LumberJax win wild opener

Portland gave birth to its second professional sports franchise Saturday night when the Portland LumberJax of the National Lacrosse League played their inaugural home game at the Rose Garden. The fans came in impressive but unexpected numbers with a total of 9,916 spectators packing the lower concourse of the Rose Garden and rocking the Garden all night long.

They were on their feet and loud, as the Jax squeaked by with a 12-11 victory over the Colorado Mammoths in the waning moments of the fourth quarter, bringing a close to an all around successful debut for the infantile franchise.

The establishment of the franchise began on May 11, 2005, when the NLL, celebrating 20 years of operation this season, announced that it would grant Portland an expansion team that would begin play in the 2006 season. Two months later Portland officials declared that Derek Keenan, with his 35 years of coaching and general management experience, would be both the general manager and head coach of the team.

Just days later the team unveiled their name at a press conference at the nightclub McFadden’s. During the next several months, team officials made the necessary moves to prepare the team and the city for the arrival of lacrosse, drafting players and marketing the team. On Saturday night that vision became a reality.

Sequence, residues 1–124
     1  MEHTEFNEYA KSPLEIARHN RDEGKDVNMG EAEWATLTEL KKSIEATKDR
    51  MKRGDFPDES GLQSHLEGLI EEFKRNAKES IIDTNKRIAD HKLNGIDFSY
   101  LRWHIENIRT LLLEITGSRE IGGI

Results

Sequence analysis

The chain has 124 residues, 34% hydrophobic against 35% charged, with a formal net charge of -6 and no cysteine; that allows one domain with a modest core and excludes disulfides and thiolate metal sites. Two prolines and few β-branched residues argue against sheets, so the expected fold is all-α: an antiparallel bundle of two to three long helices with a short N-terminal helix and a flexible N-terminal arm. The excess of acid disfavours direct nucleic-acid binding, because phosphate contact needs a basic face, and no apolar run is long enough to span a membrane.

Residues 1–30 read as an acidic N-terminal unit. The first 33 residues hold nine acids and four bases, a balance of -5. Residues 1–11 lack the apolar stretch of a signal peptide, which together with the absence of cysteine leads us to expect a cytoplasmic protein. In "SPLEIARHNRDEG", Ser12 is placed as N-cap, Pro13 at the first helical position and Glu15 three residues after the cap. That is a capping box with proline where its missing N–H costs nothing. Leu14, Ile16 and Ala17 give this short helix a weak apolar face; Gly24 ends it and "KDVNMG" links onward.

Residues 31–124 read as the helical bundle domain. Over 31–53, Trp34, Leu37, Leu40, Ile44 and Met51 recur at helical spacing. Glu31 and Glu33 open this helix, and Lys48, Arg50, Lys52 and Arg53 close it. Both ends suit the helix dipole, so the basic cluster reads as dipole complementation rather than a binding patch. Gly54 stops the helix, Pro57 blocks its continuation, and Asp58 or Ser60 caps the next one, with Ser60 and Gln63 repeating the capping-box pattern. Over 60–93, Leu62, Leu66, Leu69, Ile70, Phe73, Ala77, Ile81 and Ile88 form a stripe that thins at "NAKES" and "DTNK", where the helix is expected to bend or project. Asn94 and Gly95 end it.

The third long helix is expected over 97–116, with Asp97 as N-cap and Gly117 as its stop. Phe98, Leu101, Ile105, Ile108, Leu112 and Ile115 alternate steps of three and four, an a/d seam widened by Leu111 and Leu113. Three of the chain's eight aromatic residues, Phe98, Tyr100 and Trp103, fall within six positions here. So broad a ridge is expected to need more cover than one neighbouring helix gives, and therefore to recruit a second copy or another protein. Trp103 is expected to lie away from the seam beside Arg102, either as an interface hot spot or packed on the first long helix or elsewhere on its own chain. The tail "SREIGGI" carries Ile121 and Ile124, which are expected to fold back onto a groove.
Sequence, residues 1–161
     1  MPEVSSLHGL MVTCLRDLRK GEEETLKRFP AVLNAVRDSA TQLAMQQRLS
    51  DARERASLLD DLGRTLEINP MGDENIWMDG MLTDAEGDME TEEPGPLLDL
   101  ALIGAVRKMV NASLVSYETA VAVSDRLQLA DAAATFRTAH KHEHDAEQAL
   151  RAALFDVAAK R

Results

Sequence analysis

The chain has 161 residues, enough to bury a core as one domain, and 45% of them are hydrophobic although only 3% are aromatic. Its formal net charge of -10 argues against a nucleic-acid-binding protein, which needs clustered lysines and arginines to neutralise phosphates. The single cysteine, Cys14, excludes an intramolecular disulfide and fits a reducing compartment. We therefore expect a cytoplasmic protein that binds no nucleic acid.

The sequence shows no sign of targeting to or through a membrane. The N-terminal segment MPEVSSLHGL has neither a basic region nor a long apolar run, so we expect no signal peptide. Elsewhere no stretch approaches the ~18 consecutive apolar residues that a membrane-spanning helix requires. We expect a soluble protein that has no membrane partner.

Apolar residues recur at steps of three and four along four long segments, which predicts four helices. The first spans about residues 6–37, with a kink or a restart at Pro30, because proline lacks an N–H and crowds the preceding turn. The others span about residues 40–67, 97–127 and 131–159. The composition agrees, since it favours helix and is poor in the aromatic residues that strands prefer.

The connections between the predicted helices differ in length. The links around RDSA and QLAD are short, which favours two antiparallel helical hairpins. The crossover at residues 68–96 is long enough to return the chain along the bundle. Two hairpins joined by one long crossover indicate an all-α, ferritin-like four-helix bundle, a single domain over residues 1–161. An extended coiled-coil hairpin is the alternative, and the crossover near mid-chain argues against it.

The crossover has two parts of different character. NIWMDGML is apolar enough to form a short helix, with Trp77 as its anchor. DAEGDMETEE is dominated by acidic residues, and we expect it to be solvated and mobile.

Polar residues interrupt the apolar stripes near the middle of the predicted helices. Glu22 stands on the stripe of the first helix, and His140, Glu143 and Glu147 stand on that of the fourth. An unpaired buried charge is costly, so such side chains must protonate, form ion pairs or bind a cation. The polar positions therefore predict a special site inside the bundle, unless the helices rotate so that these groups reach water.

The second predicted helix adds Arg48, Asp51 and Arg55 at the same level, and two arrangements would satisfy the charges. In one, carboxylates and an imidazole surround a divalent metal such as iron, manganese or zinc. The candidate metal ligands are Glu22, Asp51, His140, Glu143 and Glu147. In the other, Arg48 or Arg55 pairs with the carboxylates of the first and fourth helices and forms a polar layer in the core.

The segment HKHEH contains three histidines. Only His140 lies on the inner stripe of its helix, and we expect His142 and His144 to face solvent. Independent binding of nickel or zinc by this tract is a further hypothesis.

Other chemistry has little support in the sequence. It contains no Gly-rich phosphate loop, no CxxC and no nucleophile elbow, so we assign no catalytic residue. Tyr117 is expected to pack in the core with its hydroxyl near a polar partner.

The majority of fans in attendance Saturday wouldn’t be considered diehard lacrosse fans and were skeptical (read: mute) early. It seemed this was expected because the Rose Garden announcer attempted early and often to gain fan participation by chanting “defense!” and cheering for the squad while on offense.

The strategy was failing until the 2:55 mark in the first quarter when Mike Hominuck, the first player selected in the expansion draft, fired a shot past Mammoth goalie Chris Levis into the back of the net. The skeptical crowd erupted, transforming into energized fanatics, screaming and shouting in delight for “their” lacrosse team.